A 193-mile torch-lit walk around Maui is now in its third day of an estimated six day journey for unity and enlightenment in the Native Hawaiian Community. The new leg of the journey entered the Hana region of East Maui early this morning
At 5 o’clock this morning, the procession had passed through Hana town and was headed toward Hamoa and Kipahulu. The progress places the marchers at 70 miles and more than a quarter of the way into the 193 mile journey.
Over the weekend, the torch was passed in ceremonial protocol on Sunday afternoon at Wahinepe’e from those who began the journey 40 hours and 45 miles earlier at Moku’ula in Lahaina.
Overnight, the three dozen marchers passed through Keanae and Wailuanui, a district that has been fighting for water rights to sustain a traditional lifestyle of taro farming.
The issue is one of many marchers are mindful of as they look at ways of moving forward amid increased legal battles over native rights and programs. The Maui march will still be on the road when Wednesday’s U.S. Supreme Court case on ceded or crown lands is heard.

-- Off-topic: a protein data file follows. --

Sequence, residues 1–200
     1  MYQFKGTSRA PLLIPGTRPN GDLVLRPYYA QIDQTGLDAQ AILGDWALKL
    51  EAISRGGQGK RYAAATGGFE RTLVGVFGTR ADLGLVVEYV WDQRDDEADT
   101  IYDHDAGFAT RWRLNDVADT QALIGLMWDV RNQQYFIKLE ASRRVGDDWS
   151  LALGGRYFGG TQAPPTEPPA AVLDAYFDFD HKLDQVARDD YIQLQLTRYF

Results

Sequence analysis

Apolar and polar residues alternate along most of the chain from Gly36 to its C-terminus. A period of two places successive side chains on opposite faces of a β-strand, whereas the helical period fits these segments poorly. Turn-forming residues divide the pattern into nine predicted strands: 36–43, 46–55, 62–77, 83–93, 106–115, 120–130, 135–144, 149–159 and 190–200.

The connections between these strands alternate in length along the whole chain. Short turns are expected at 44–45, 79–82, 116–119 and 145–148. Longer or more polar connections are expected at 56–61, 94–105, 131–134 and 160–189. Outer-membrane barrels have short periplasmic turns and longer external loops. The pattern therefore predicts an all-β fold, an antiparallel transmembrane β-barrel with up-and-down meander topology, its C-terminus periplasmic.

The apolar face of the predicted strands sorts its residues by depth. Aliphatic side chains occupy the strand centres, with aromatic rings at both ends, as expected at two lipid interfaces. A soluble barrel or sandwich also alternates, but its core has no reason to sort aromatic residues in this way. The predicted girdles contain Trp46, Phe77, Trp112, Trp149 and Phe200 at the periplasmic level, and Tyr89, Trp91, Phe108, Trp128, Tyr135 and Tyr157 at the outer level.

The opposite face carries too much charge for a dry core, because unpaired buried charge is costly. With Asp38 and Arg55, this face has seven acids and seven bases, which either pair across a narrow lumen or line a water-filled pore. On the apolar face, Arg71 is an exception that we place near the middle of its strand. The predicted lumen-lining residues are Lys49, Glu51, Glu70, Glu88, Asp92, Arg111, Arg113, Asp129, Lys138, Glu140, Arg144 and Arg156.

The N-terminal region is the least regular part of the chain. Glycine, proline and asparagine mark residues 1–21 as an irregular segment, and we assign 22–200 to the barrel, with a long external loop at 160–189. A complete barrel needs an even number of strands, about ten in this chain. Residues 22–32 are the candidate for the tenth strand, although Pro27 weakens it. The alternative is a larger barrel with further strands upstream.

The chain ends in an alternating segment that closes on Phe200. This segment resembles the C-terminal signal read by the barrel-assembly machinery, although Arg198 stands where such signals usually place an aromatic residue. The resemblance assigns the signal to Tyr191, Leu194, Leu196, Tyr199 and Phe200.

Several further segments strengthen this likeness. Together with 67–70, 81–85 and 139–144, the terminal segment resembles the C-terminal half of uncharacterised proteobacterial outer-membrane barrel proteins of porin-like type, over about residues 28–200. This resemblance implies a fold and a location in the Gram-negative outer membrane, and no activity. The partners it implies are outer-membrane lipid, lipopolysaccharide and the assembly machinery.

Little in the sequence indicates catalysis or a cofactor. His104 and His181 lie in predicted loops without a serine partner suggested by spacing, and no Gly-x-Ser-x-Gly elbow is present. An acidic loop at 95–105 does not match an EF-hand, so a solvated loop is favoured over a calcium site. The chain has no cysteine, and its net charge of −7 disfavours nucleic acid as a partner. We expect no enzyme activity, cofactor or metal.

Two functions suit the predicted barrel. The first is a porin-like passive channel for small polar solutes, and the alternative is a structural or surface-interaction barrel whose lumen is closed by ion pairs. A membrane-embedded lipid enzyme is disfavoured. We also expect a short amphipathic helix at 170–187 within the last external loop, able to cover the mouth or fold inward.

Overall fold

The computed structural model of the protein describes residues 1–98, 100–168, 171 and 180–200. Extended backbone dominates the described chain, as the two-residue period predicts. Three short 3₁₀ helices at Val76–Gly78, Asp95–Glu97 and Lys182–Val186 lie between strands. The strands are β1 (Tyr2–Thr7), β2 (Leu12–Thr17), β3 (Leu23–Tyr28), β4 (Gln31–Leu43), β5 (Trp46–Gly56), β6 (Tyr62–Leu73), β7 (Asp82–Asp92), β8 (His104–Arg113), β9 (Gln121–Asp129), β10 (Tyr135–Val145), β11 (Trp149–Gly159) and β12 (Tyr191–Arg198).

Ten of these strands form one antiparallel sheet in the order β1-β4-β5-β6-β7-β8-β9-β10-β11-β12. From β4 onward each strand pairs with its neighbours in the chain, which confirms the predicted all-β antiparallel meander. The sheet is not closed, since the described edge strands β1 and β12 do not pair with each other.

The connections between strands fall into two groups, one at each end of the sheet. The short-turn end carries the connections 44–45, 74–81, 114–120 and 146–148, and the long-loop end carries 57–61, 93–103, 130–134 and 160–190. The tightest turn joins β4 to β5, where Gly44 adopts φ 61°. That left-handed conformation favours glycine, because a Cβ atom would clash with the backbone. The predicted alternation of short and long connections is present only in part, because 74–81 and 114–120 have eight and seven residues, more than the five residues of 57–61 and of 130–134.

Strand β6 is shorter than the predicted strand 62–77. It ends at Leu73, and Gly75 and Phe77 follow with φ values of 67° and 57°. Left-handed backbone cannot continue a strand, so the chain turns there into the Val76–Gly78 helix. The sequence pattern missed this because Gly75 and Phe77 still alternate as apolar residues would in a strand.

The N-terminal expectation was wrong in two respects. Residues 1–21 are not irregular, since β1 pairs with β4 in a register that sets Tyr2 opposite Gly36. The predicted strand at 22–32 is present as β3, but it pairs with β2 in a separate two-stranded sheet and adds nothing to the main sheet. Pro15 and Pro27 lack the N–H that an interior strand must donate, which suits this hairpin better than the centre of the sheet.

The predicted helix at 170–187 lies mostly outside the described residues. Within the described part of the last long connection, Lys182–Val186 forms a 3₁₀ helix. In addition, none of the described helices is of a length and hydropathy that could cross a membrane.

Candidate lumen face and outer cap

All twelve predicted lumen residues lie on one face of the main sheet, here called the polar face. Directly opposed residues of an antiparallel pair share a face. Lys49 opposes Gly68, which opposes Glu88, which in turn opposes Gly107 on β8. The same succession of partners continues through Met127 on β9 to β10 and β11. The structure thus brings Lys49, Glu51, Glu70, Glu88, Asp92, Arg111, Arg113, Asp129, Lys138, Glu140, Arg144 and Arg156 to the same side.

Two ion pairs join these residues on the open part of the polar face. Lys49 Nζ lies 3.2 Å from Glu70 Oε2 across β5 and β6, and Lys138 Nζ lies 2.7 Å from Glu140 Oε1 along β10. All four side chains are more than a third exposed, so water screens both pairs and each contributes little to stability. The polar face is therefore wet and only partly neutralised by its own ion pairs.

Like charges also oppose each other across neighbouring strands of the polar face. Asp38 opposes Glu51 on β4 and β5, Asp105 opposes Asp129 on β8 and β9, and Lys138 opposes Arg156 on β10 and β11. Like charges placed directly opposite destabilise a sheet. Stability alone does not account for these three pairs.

Participants in the Ka’apuni E Ho’a Kukui O Na Moku `Aina journey have been placing yellow flags at various locations along the route, as visual markers for ceded lands on the Valley Isle.
(Photos & Story by Wendy OSHER © 2009; 5 a.m. location update provided by `Uilani Kapu. Images on this site are the property of the Ka’apuni and can not be used or reproduced without the expressed written consent of the Pacific Radio Group/KPOA/MauiNOW.com News Department.)